For the 2010 Colorado Rifle Antelope Season, my friend and I both ended up with buck tags for the area near my father-in-laws house. All summer, I had been keeping an eye on antelope in the area, and I knew there were a few decent-sized bucks in the area. My friend had never hunted antelope, and this would be his first hunt in Colorado. He grew up in Indiana hunting whitetails, so hunting the wide-open plains was going to be a new experience for him.
We agreed to meet in my in-law’s yard about 30 minutes before legal shooting hours on opening day. When we both arrived, it was still dark, so we killed some time in the yard loading his gear into my pickup. We both figured it would not do any good to try to spot antelope in the dark. However, we were both anxious, and we decided to head out and make our way to a few areas I expected to find antelope. As we drove along in the fading darkness, I pointed out some of the sections that we had access to hunt. My friend was use to hunting much smaller acreages, so he was extremely excited by the opportunity to hunt a larger area.
As we drove along a main road in the area, we spotted a few small groups of antelope. Mostly we saw does, but there were a few small bucks mixed in. We pulled into a pasture that we had permission to hunt, and we followed a trail until we came to a spot that provided a nice vantage point to glass the area. It was getting light enough to see better by now, and we spotted a nice buck and about five does about half a mile away. We continued to glass the area before we set out to try to put a stalk on that buck. Unfortunately, we spotted two other pickups in the area. One pickup was parked about 3 miles away with no sign of the hunters in the immediate area. The second pickup was about a half mile past the antelope we were watching, and headed towards us. I thought I recognized the pickup as a pickup belonging to my in-law’s neighbor, but I could not tell for sure. We decided we should wait to see how the situation played out in case this other vehicle spooked the antelope towards us. It did not take that pickup long to close the distance to the antelope, and it was interesting to watch how little the antelope cared about this pickup rolling through their territory. At one point, I would guess that the pickup got within one hundred yards of the buck in the group, and yet the antelope did not spook. The pickup came to a brief stop, and then rolled along to the north and out of the immediate area. We could see hunter orange in the vehicle, so my friend and I were confused as to why these hunters passed on what appeared to be a golden opportunity to fill either a buck or doe tag. The only logical conclusions we could reach were that either these hunters did not deem that buck a shooter, or since the pickup was on the top of a small hill while the antelope laid peacefully in the draw below, that the terrain had somehow concealed the antelope from their view.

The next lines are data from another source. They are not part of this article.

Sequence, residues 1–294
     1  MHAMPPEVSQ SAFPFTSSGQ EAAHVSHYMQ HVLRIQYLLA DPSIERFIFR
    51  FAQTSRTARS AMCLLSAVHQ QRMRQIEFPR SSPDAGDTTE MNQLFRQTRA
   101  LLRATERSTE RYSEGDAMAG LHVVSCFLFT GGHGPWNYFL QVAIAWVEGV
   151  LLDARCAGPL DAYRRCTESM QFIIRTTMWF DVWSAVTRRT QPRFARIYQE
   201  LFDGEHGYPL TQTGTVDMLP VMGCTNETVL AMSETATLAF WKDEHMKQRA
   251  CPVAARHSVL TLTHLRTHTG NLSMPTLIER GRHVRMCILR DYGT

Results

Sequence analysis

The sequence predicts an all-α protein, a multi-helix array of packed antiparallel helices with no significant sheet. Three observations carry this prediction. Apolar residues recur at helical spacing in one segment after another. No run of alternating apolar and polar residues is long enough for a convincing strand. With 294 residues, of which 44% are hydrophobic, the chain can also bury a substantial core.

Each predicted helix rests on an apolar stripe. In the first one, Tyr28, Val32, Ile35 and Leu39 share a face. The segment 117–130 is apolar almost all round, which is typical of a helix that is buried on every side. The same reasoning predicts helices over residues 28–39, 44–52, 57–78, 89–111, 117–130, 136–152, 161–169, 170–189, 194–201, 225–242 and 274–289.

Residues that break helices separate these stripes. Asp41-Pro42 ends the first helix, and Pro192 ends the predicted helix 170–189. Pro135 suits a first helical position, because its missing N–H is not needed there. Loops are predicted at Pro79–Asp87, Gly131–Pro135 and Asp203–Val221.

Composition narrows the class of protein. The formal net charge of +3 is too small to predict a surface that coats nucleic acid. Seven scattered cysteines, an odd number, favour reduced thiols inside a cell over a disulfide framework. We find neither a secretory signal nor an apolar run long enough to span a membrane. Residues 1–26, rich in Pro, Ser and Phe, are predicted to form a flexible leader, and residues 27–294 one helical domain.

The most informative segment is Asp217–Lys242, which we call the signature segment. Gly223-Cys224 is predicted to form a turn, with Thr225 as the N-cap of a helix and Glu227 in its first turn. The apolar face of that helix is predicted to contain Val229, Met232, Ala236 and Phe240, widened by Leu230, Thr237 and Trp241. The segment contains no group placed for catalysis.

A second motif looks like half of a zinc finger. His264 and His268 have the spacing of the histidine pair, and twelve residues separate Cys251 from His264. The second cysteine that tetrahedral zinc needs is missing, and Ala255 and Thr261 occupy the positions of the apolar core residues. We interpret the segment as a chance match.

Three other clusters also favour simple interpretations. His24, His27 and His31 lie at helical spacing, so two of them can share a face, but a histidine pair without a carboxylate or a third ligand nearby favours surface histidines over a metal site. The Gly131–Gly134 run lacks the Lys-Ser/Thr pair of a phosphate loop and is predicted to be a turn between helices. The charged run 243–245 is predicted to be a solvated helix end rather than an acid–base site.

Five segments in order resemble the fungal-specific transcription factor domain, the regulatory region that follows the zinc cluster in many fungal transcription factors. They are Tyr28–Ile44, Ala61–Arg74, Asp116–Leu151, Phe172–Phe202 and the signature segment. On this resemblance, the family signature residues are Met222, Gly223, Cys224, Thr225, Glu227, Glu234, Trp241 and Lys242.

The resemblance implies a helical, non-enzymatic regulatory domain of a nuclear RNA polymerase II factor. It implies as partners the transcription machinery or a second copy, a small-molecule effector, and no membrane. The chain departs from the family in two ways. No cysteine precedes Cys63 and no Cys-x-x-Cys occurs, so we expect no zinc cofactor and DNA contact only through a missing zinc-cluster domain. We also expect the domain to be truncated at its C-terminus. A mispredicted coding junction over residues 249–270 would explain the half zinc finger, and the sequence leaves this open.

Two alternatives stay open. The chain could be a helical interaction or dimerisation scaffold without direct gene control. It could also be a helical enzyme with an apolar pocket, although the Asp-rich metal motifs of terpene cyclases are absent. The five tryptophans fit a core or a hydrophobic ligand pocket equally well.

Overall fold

We decided that even if that buck was not a shooter for them, it was definitely a shooter for us. I pulled the pickup another quarter mile west, and parked it along the fence line in the bottom of a draw. Before I brought the pickup to a stop, we spotted another group of 7 antelope about 350 yards to the south. There was a buck with that bunch, but he looked a little smaller. We decided we would try to get on the buck we spotted earlier that was to the north, and if we did not have any luck there, we would take a closer look at this group to the south. We planned to hike north along the west side of the hill the pickup had driven along until we were about even with the antelope. Then, we would crest the hill within about 100 yards of the buck, looking for a shot. Even though this was his first antelope hunt, he insisted that I get the first opportunity for a shot since I had invited him along. I caved in both because my will was weak, and I completely believed that we would both get excellent opportunities to fill our respective tags, regardless of who took the first shot.
We walked along as quietly as we could manage till we had to exchange a few whispers to debate if we had hiked far enough or too far to come over the hill even with the antelope. I lead the way up the hill, advancing as slowly as I could up the hill, scanning for any signs of the antelope we knew to be in the area. When I spotted the buck watching me from a distance of about 80 yards, I dropped to the ground, shouldered my .257 Weatherby, and steadied myself on my monopod. From my position, all I could see was the buck’s head and a few inches of his neck. Even at that close of a distance, I was not comfortable taking a neck shot. I held my crosshairs on him, hoping that he would take a step or two forward that would allow me to take a shot. We stared at each other for probably only a minute or two with neither one of us flinching a muscle, but it felt like an eternity. Eventually, he decided he had seen enough of my ugly face, and he vacated the area in speed goat fashion. We quickly moved further along the hill, hoping he might stop for a second and present a shot opportunity, but he had other plans.